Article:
To find out a bit more about how a truck-arm suspension works, we hit up suspension specialist Kurt Binkley for his take. Kurt works for PPC Racing, which handles the cars for Kenny Wallace, John Andretti, and Craftsman Truck Series driver, Terry Cook. In Kurt's words, "Well, the standing joke is that all NASCAR cars are basically '67 Chevy trucks with headers and an aero-package!" Kurt went on to explain how the truck-arm suspension works, "The truck arm is an I-beam arrangement that pivots on a mounting point just aft of the trans tailshaft and is hard-mounted to the axle. There are various ends used at the forward mounting point depending on racetrack distance. The adjustable Panhard rod allows the opposite sides to be set for proper handling at various tracks. Coil springs rest in pockets on top of the truck arm, just forward of the axle. The upper pockets have a vertically adjustable plate that can compress or decompress the spring to change the ride height for specific tracks and conditions. When a driver comes into the pits and the pit crew adds or removes height, they are adjusting this plate up or down." This design allows for quick fine-tuning of the suspension, including the pinion angle, by the NASCAR mechanics. When we asked Kurt why NASCAR continues to use this technology he said, "It's required that we run this type. NASCAR is still old school." It also can be argued that this setup gets the job done on some of the fastest racecars around.

According to mechanical engineer Katz Tsubai, "The pros of a truck arm suspension are stable IC location, good roll steer characteristics, and good yaw response. This results in consistent behavior under both acceleration and braking. As for downsides, he points out the overall weight of the system, both sprung and unsprung, is quite high. Also, since the trailing links are rigidly mounted on the axle, components must elastically deflect in order for the suspension to roll. Try visualizing the whole suspension system as a giant anti-roll bar, with the axle assembly being the bar and trailing links being arms. You can see why the system restrains the roll." It should also be noted that running a full exhaust system with this type of rear suspension is quite a challenge due to how much real estate the components eat up under the car.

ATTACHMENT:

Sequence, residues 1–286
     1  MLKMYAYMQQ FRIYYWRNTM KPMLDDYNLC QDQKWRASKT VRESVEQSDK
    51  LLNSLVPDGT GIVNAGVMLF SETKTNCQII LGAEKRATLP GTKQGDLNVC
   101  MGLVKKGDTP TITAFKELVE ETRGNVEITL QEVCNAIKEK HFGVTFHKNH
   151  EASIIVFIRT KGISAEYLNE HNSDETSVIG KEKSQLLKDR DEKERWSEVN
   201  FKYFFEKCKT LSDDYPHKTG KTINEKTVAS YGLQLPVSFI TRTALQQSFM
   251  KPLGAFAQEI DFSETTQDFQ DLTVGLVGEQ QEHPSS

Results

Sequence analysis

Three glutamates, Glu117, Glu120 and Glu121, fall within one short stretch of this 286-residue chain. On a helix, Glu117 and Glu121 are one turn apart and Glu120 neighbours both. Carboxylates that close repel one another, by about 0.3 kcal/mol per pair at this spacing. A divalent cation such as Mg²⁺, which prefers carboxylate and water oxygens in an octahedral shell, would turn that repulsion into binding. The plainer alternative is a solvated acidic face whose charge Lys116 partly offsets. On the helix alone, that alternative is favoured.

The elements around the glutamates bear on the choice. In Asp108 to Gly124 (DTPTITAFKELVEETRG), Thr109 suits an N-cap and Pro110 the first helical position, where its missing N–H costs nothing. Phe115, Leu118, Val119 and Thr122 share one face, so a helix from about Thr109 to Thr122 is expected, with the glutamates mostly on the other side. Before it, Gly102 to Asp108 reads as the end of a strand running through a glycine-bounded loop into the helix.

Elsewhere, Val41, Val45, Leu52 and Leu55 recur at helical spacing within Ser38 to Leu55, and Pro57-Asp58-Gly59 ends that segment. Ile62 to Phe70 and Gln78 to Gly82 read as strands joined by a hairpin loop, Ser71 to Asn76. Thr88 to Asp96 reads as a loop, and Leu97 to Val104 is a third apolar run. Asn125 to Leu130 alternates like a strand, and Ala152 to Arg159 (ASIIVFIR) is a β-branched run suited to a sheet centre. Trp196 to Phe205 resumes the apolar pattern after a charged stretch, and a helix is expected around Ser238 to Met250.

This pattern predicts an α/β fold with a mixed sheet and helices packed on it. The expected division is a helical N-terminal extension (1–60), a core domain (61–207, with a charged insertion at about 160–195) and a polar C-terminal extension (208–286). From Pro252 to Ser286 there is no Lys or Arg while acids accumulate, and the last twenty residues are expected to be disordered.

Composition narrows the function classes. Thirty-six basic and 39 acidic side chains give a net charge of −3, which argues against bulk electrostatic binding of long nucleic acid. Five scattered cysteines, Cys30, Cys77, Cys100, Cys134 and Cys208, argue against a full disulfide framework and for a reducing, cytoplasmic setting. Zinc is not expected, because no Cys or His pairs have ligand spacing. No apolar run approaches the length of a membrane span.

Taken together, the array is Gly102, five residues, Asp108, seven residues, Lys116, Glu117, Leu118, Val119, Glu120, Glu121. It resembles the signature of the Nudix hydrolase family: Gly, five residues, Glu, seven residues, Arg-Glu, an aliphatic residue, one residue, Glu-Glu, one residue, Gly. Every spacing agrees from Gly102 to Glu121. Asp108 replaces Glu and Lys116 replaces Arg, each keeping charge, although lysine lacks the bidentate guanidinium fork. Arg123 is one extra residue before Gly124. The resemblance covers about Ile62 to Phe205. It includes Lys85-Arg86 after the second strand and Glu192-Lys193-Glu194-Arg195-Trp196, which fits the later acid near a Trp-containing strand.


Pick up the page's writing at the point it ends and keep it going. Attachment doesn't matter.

Torque Arm
A torque-arm suspension uses a long arm--rigidly mounted to the rear center section--that runs from the center of the differential to a point near the transmission to absorb rear axle torque reactions. The design specification of a torque-arm setup is similar to that of a three-link style suspension. The most important factor being that the lateral location of the rear end must be kept with a low roll center to avoid unpredictable suspension responses. In this type of suspension, a Panhard bar or Watt's link is required for keeping the rear end centered. Torque-arm suspensions have been used on cars for quite some time, all the way back to the 1930s. When designed properly, this style of suspension can offer good performance characteristics. The most notable performance cars to use this suspension are Camaros and Firebirds made from 1982 to 2002. They employ a torque arm along with trailing arms and a Panhard rod.

One other concept seen when discussing torque-arm rear suspensions is "decoupling." When a torque arm is directly connected to the chassis, the rear end can physically be lifted off the ground under hard deceleration. This is referred to as "brake hop" and is something you want to avoid. By decoupling the torque arm from the chassis, you avoid the braking torque being transferred through the torque arm. This is accomplished by only letting the torque arm contact the chassis under acceleration and by allowing the other links in the system to absorb the braking torque. In this way the acceleration and braking functions are separated and each can be optimized individually.

Getting a properly functioning torque-arm suspension is not an easy task. The length of the links and their placement has to be dead-on. Also, the bushings used, damping rates, spring rates, and preload must be calculated to work together in controlling all the forces.